THE EVERGREEN: A NEW SEASON IN THE NORTH by Various Artists

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THE EVERGREEN: A NEW SEASON IN THE NORTH by Various Artists

15.00

Published by The Word Bank

22cm x 16cm, 160 pages, colour offset printing throughout, perfect bound, embossed and foiled hardcover, 2014

‘The Evergreen: A New Season in the North’ is a new anthology of writing and visual art that encourages readers to look afresh at their own environment and their place in it. Inspired by the
Evergreen anthologies of Allan Ramsay and Patrick Geddes, which stimulated a civic and cultural revival within Edinburgh and beyond, it shares the belief that an appreciation of place is essential to sustainable and convivial living today. This new Evergreen is centred on Edinburgh but looks through the same eyes at wider places. Appropriately, it starts with the wonderful, sweeping, swirling views of Edinburgh’s Old Town by painter Kate Downie, before taking in the peculiar point of view of Patrick Geddes’s Cat which sits atop Ramsay Gardens, presented by historian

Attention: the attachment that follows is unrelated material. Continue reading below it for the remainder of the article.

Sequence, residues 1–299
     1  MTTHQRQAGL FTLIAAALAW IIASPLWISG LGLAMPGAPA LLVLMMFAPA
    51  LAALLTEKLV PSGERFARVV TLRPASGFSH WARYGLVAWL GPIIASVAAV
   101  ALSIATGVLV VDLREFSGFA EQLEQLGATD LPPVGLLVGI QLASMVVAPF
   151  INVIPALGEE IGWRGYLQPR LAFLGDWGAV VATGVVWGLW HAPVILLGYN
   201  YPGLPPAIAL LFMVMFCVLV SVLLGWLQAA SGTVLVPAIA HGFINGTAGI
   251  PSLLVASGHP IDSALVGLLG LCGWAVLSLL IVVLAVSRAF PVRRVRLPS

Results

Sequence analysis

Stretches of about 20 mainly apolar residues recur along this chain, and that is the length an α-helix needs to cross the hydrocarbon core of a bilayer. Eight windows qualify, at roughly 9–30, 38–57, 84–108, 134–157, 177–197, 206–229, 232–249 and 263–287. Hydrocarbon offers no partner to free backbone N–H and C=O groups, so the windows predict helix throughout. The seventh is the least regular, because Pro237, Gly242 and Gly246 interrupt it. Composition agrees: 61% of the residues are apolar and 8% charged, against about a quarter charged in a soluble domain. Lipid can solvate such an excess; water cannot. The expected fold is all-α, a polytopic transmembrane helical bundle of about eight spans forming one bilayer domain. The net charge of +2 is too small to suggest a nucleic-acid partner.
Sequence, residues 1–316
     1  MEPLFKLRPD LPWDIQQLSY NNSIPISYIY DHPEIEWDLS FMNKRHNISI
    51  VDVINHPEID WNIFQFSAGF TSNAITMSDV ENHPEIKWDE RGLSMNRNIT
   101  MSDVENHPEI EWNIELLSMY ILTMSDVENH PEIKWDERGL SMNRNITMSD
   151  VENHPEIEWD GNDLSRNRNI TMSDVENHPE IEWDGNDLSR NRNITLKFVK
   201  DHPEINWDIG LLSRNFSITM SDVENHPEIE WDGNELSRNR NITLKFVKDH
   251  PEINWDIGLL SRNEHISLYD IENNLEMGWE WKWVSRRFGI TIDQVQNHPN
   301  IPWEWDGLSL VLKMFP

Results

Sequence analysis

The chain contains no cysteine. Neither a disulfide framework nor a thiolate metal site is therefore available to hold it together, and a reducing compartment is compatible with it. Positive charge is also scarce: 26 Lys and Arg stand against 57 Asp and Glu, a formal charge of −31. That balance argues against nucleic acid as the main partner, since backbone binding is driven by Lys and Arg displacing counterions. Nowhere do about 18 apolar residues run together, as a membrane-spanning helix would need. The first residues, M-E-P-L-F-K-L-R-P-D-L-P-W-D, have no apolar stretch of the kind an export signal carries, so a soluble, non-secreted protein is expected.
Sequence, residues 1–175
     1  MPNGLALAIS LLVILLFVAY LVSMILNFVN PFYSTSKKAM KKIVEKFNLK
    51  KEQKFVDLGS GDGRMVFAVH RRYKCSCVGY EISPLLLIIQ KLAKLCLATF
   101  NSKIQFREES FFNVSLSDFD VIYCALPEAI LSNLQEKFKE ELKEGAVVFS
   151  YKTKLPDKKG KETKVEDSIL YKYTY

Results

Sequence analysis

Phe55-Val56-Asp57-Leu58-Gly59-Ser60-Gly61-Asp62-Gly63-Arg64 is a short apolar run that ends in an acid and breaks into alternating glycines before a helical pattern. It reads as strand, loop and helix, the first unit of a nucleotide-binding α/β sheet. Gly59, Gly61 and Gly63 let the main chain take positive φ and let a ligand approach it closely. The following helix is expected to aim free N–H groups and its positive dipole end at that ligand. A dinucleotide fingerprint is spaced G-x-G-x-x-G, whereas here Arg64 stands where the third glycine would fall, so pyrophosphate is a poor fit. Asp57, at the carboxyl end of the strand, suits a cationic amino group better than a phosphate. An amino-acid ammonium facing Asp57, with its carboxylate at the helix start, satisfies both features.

Robert Morris. History informs The Evergreen: Richard Rodger links David Hume to a brief history of space in the city (green and otherwise), Stuart Kelly looks at the relevance of the monumental Walter Scott in the anniversary year of Waverley, and James Robertson reminds us to listen to three old and beautiful voices.

This issue abounds with poetry on themes rich and various: spring, tourism, freedom, geography, art and music, Robert Fergusson, Paul Klee, Edinburgh places, and places far from Edinburgh – Los Angeles, comets and the stars. The poets are: Benjamin Morris, Nancy Somerville, Andrew McDougall, John McGlade, Ian McDonough, Marcas Mac an Tuairneir, Peter Kravitz, Owen O’Neill, David Herd, Jock Stein, Mike Saunders, Alan Gillis, Mario Relich, Christine De Luca, Samantha Walton. In prose Leila Aboulela, Morelle Smith, Dominic Cooper and David Tomassini supply perspectives from other places: Aberdeen, the West Highlands, France and Venice – and Todd McEwen discovers that coffee is eating away the foundations of our cultural institutions! The visual is essential to The Evergreen: Robin Gillanders offers five fine portraits of people whose life and work are at the heart of the community, and John Reiach shows us just how close to nature we are. Finally, Richie McCaffrey and Elizabeth Elliott round out the issue by invoking Patrick Geddes again, his contributions to the intellectual renascence of Edinburgh as well as to the daily life of the city.

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